Amends to two acts passing through the Riigikogu which would extend powers to state bodies such as the Health Board (Terviseamet) has provoked expert criticism, with one lawyer saying that excessive powers would be given to state agencies, under the cover of the emergency situation, due to expire in a few days.
The amends concern the Emergency Act and the Communicable Diseases Prevention and Control Act.
Lawyer Leon Glikman says the rule of law, being as it is based on the separation of powers (i.e. between legislature, executive and judiciary-ed.), would mean that orders and prohibitions should be imposed by the Riigikogu.
Emergency situation expires May 17, replaced by less sever crisis situation
Since the emergency situation (eriolukord) was declared on March 12, orders have been imposed by the government (as per the emergency situation rules-ed.).
The emergency situation is due to expire at the end of May 17, and is to be replaced by a less severe, constitutionally-defined crisis situation (hädaolukord). The argument has been that the coalition is aiming to get legislation through ahead of this date which would increase the powers of state bodies such as the Health Board.
Leon Glikman says that the raft of bills noted above would transfer power to the Health Board and away from parliament, adding that the draft laws do not enumerate restrictions on this, in effect giving the board unlimited decision-making powers, including the right to close down businesses on health grounds.
"For example, the board can simply close a company and the decision-making process would be completely anonymous. We don't know what the board would have taken into account, whether the situation in fact requires the closure of the whole company," Glikman said, talking to ETV current affairs show "Aktuaalne kaamera" Monday night.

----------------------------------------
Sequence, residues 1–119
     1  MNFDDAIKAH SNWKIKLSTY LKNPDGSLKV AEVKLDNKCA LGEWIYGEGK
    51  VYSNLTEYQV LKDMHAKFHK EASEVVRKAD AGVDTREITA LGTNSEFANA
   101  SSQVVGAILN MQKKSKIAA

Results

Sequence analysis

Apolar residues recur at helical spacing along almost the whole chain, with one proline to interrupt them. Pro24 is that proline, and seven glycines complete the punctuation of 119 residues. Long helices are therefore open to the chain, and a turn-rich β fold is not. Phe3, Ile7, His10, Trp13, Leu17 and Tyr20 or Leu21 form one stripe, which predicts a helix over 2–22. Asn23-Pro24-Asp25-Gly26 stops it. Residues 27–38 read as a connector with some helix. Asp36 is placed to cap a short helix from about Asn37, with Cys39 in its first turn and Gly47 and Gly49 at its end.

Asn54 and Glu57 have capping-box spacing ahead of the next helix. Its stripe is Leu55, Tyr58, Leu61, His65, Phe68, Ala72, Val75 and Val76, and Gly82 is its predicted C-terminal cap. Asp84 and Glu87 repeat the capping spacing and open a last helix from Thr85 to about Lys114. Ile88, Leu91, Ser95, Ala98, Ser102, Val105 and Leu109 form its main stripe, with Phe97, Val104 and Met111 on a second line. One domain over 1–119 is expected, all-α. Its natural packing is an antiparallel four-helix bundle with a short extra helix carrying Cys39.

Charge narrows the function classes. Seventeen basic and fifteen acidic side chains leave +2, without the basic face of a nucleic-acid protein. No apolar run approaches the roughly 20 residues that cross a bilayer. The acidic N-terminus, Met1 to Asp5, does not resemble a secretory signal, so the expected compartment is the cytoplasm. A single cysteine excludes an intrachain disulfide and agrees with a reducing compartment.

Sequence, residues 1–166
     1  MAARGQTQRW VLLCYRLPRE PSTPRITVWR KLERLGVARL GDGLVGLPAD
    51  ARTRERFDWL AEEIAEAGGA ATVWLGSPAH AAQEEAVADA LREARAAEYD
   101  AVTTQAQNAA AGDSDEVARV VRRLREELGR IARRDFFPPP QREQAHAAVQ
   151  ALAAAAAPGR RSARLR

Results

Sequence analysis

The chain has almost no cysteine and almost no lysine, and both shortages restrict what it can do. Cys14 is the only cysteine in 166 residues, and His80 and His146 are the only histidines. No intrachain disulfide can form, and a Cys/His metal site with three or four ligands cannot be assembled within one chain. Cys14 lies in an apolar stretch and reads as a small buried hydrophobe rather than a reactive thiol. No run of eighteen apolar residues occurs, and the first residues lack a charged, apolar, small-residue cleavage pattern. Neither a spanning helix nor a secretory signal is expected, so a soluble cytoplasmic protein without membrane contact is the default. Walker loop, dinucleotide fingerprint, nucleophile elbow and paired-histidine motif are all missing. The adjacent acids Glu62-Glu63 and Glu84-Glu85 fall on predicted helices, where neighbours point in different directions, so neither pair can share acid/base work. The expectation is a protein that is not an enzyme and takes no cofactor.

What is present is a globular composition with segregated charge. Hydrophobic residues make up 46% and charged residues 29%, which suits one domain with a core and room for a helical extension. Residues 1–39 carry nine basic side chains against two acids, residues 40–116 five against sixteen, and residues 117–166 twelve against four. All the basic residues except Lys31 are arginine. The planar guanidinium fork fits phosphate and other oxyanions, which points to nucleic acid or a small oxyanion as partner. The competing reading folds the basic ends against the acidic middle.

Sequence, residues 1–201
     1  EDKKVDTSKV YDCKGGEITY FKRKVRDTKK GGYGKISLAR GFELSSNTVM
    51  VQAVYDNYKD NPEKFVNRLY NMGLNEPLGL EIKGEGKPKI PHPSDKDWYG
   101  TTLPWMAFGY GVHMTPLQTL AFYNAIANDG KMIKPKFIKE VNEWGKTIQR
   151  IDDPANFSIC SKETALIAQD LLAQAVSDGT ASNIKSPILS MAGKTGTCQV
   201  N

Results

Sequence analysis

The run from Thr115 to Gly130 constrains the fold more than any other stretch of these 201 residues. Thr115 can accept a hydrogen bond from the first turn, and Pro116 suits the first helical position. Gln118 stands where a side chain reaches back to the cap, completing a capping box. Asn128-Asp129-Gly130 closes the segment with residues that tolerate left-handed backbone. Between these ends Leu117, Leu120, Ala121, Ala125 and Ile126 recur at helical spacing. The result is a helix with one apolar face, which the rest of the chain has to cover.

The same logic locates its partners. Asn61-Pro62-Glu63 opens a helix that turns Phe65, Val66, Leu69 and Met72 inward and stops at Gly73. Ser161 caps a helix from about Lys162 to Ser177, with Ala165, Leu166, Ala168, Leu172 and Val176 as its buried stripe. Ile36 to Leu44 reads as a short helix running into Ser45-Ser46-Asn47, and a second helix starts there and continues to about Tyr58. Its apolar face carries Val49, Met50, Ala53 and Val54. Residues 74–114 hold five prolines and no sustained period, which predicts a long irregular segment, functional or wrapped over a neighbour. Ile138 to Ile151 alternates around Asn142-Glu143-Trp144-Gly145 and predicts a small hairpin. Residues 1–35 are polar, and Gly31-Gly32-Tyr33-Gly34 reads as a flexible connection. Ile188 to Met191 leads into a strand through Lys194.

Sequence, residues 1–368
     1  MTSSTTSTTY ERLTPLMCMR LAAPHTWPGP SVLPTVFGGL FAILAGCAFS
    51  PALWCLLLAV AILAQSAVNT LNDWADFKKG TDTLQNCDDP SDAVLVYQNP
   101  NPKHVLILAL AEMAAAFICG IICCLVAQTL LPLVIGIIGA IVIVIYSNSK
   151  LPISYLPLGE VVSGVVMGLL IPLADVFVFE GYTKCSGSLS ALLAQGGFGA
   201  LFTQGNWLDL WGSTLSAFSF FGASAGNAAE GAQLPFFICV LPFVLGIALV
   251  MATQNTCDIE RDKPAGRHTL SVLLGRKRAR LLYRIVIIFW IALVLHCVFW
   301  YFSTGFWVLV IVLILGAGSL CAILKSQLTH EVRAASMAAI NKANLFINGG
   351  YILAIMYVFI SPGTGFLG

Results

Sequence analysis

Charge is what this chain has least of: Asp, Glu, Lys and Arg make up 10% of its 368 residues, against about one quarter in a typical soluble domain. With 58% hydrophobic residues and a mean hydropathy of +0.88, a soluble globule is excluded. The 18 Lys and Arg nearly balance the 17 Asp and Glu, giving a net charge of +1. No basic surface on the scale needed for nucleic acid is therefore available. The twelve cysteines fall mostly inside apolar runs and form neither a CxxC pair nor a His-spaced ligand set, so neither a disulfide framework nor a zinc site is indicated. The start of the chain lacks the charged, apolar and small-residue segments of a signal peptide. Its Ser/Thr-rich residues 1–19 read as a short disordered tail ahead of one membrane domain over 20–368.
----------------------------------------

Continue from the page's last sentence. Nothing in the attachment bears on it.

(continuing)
"[The draft bills] are a restriction of very fundamental rights, such as freedom of assembly, freedom of movement, freedom of enterprise. It should be completely incomprehensible that the health board or any other agency should now be guided by this," Glikman went on.
Limitations to restrictions of movement have also not been adequately set out, or in fact have been left unwritten, Glikman said.
Reform Party opposes
The opposition Reform Party has made similar criticisms of the draft, and also attempted to pass two amends at the Riiigikogu, only one of which passed, on Monday.
"In fact, we need to realize that whether we have an emergency, such as that at present, an emergency, which is then prescribed by law, or no situation at all," said Reform MP Signe Riisalo, a member of the Riigikogu's social affairs committee.
"It it is in the latter case – I.e. no [emergency] situation at all - that the health authority is being given the power to take very important restrictive decisions," she went on.
Reforms proposed amends only work in conjunction with each other, making a defective act either needing to be adopted or ripped up and started on again.
The issue is heightened by the fact that if the latter course is followed, the emergency situation would expire before a new law could be drafted.
The issue had already been questioned by the opposition in late April.
The crisis situation would not grant the government the right to continue issuing orders as it has been doing during the emergency situation.
Center Party MP: Checks and balances are there
Chair of the social affairs committee, Center Party MP Tõnis Mölder (Center is in the coalition) has rejected criticism that the draft would give too much power to the Health Board.
Mõlder said agencies in general are supervised by the ministry under whose purview they lie, the ministry in turn is overseen by the government, which in turn is answerable to the Riigikogu.
"So the mechanism is there. Every official, when he or she makes decisions that can seriously infringe on people's fundamental rights, must have very clear starting points," Mölder said.
Mölder added that the Health Board would under the draft be given the right to make local closure decisions, such as the right to close a factory where there is a risk of infection, but when it comes to closing shopping centers, for instance, the decision is made by the government.
The latter did indeed close shopping malls, save for a few essential service providers such as pharmacies and bank offices, from late March to the beginning of this week, in response to the pandemic.
The purpose of the bill is to put into one law rights and obligations which were previously in different laws and regulations, Mölder said. This would include quarantine and other aspects of restrictions.
Editor: Andrew Whyte